It is a must on our tables and impossible to imagine them without. Its smell and taste hypnotize us. Bread has been a symbol of abundance and prosperity for centuries. Our friendships begin with eating bread together and when we swear, we swear by bread. Particularly for Muslims, having bread on the table means that all the necessary blessings are present. A hadith about the Prophet Muhammad reads: If bread and meat are brought to the table for you, first take the bread and take away your hunger with it, and then eat the meat. Bread is always served first because it is the king of the table. It is the greatest sin to disregard it, throw it away or under your feet, or break it over your knee.
The history of bread is assumed to go back thousands of years. In the Stone Age our ancestors ate raw wheat, then learnt to grind it between stones and millstones, mixing the resulting flour with water to make thin porridge. The ancient Egyptians are considered the first bakers, having noticed how adding old dough to the mixture made the dough rise. Later the ancient Greeks also became master bakers.
is the greatest sin to disregard it , throw it away or under your feet , or break it over your knee
Bread has a very special status in Azerbaijan. On 20 October 2016 International Chefs Day saw the Bread Festival held for the first time in Baku. 24 cities and regions of Azerbaijan were represented through exhibitions of bread and bakery products and handcrafts, organised according to geographical zones and regions. Bread is so sacred for us that if we see a piece of bread which has fallen on the ground we take it immediately, kiss it and put it on our eyes. Azerbaijanis who find themselves in difficult situations swear by bread, asking God not to deprive them of it, and they meet the most respected guests with bread and salt, a symbol of loyalty, honesty, peace and solidarity. Our ancestors didn’t use the saying Bread and salt is honest bread for nothing; they meant that where you have “honest bread” there shouldn’t be any betrayal. They also said that there would never be abundance in the home of someone who disregards or disrespects bread, because to do so removes the blessing from the home.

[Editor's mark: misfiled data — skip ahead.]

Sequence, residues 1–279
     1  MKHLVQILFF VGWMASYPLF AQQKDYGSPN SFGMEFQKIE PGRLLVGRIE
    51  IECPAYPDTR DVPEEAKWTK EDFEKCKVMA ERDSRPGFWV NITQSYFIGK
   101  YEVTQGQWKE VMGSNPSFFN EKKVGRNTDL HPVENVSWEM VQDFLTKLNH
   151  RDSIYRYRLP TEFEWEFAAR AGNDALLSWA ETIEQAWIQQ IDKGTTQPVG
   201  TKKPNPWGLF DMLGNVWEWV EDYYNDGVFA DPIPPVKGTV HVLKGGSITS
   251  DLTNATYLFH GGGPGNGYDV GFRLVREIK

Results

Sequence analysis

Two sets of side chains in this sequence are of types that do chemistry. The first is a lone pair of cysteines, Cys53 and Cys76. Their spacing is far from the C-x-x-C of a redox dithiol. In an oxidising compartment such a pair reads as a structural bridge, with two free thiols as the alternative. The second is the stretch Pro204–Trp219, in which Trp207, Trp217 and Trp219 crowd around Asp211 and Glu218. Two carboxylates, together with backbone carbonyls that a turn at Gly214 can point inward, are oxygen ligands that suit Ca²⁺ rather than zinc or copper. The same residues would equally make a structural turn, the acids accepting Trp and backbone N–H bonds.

In Azerbaijan there are many traditions and customs related to bread. For example, three days before a wedding, older and younger married women gather and go to the bride or groom’s house to bake bread (chorakbishirdi). They knead the dough, cut it into pieces, roll it out and bake lavash. The first baked bread is given to the mothers of the bride and groom. They say: May your table be blessed and your bread hot. In many villages in Azerbaijan on wedding days a loaf of bread should be divided between the bride and groom’s relatives. People believe that those who get the bigger pieces will have greater abundance. Besides, when the bride leaves her father’s house, cutting a loaf of bread over her head is thought to attract abundance.
There are various sayings, aphorisms, bayati (folk poems) and even curses in Azerbaijani folklore related to bread, for example: You shouldn’t step on bread, A piece of bread may help you over the mountain and His bread is on his knees.
Forgotten types of bread
Various types of bread are baked in the country, some of which have a history going back thousands of years and are almost forgotten. Examples of breads baked in Azerbaijan are yukha, yayma, fatir, lavash, sangak, khamrali, fasali, kata, tandir, khorakli, bayim, Lezgin bread and others.
Bread is so sacred for us that if we see a piece of bread which has fallen on the ground we take it immediately , kiss it and put it on our eyes
Tandir bread and lavash which is prepared on a saj (iron plate) are the most commonly baked types of bread. Tandir is famous for its taste and smell and has a particular method of preparation in many regions of Azerbaijan. In order to prepare tandir bread the dough should be kneaded and left for fermentation. Once fermented it is cut into smaller pieces which should have an oval or circular shape and be decorated with various patterns. Before baking, the bread should be greased with egg yoke or ayran and sometimes with saffron. The smell of bread taken from the tandir oven creates a good mood, gathering people together and dispelling sadness and sorrow. Tandir bread is so delicious that people eat it on its own, piping hot, although it can also be prepared and stored for a long period of time.